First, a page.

CLARKS SUMMIT — Members of the Abington Heights School Board discussed ways to compensate for an operational loss of $350,000 for the 2014-15 school year and the potential for much larger deficits in the upcoming years.
According to Abington Heights Superintendent of Schools Michael Mahon, the district is projecting a loss of $2.7 million for 2015-16, in large part due to increased salaries and pension. For 2016-17, the district projects a loss of $3.5 to 4 million.
“It’s concerning, but we’re working on it,” Mahon said. “We have time in front of us, we’re looking at this as a long process to get to a good solution with our budget. The numbers, early on, always look bad. We’re going to do the best we can to come to an excellent solution for the school district.”
The district has not raised real estate taxes in the past nine years, but due to financial strains it may be an option.
“We always want to avoid a tax increase whenever possible, but the external issues that come with pension costs, rising benefit costs and a lack of appropriate state funding really push us to the limit,” Mahon said. “We’re going to continue to build efficiencies but, in the end, (a tax increase) is certainly something the board is going to have to consider as it looks at the budget for next year.”
The district has two options regarding a potential tax increase.
They previously passed a motion to keep any tax increase within the Act 1 index of 2.4 percent or approximately $560,000.
If they decide to consider raising taxes beyond the index, they must have a preliminary budget on display by Jan. 7 and pass the preliminary budget with the exceptions by Jan. 27.
In November, board members plans to make a decision whether to seek exceptions to the index or pass a motion to stay within the index.
“The increase in the operational loss from 2015-16 to 16-17 would be about $800,000 to $1 million,” Board Vice President Warren Acker said. “Our maximum ability to tax would be about $560,000. If we don’t seek exceptions, we will not even come to grips with the increase in the structural loss.”
Mahon also discussed new ways the district is attempting to engage students in college-level presentations.
During the past month, students have had the opportunity the participate in video calls with several higher education institutions, including McCann School of Business & Technology, Philadelphia University and Lackawanna College, featuring discussions regarding potential career opportunities in criminal justice, textiles and sonography.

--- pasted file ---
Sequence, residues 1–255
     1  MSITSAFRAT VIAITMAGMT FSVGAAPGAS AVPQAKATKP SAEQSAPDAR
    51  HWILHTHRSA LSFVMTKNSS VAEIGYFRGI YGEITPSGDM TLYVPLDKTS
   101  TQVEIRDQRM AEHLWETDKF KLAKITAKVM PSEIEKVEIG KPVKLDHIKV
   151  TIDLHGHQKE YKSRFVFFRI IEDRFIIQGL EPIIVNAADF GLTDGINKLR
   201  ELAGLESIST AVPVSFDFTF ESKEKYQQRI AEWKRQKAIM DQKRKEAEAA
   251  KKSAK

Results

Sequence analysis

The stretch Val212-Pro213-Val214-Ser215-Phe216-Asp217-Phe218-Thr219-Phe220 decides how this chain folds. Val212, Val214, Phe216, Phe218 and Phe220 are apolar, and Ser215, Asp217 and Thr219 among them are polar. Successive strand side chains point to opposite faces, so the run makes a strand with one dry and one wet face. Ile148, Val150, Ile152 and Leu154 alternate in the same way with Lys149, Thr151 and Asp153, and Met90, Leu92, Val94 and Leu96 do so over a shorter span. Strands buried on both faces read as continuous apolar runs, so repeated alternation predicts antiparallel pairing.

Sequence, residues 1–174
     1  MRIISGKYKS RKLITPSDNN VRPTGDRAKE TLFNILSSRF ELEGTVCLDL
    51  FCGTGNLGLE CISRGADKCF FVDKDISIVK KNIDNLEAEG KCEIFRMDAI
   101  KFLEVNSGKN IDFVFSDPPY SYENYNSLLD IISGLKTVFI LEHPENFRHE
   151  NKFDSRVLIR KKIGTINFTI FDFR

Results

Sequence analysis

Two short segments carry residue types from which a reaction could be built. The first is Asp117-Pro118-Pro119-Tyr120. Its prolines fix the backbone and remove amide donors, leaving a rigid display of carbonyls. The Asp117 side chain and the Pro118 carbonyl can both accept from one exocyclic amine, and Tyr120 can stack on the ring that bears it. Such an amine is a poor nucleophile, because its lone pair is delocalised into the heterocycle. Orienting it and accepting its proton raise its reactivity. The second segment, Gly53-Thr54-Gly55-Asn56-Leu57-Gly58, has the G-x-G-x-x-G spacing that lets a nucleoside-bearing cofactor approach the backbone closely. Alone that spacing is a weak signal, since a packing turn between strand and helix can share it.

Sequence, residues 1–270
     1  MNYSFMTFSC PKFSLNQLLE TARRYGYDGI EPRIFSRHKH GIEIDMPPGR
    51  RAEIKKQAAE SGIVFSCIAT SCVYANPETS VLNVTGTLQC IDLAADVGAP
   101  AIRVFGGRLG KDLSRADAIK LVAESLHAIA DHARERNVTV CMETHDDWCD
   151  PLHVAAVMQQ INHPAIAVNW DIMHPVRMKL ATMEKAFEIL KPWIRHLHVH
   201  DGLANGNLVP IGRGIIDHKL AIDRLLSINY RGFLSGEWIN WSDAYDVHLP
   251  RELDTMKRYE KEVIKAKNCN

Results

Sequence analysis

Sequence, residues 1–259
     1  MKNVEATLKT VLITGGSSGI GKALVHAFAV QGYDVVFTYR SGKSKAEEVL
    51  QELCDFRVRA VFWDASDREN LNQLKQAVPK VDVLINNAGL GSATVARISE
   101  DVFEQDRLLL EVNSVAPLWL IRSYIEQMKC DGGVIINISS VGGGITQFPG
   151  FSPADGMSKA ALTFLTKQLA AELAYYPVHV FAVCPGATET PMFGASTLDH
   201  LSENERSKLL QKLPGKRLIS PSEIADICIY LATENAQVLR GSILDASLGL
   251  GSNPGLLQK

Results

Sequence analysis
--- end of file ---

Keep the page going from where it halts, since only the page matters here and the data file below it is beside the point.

“It’s been an ongoing effort to provide better, expanded opportunities for our students through the guidance office during ninth period,” Mahon said. “One thing we didn’t anticipate, but have to work on, is a little bit of complacency among our students in taking advantage of these opportunities. There were entirely too few students in the room.”
Board members approved the resignations of secretary Patricia Phillips, effective Jan. 5; custodian Ronald Fawcett, effective Dec. 31; food services employee Penny Jackson, effective Nov. 9; and bookkeeper Rebecca Gavin, effective Nov. 4.
Rebecca Burdett was appointed as a full-time music teacher for the 2015-16 school year and Cassandra Howells as a long-term substitute library science teacher for the 2015-16 school year. Angela Coleman was approved to the substitute nurse list.
Board members approved an agreement between the school district and the Scranton Counseling Center.
“We have student assistance teams that students or teachers can refer other students who may be at risk or having some difficulty,” Mahon said. “Scranton Counseling provides a service through Lackawanna County that assists the district in the referral process.”
Members of the Abington Heights School Board will meet for a work session meeting at 6:30 p.m. on Wednesday, Nov. 4 at South Abington Elementary School.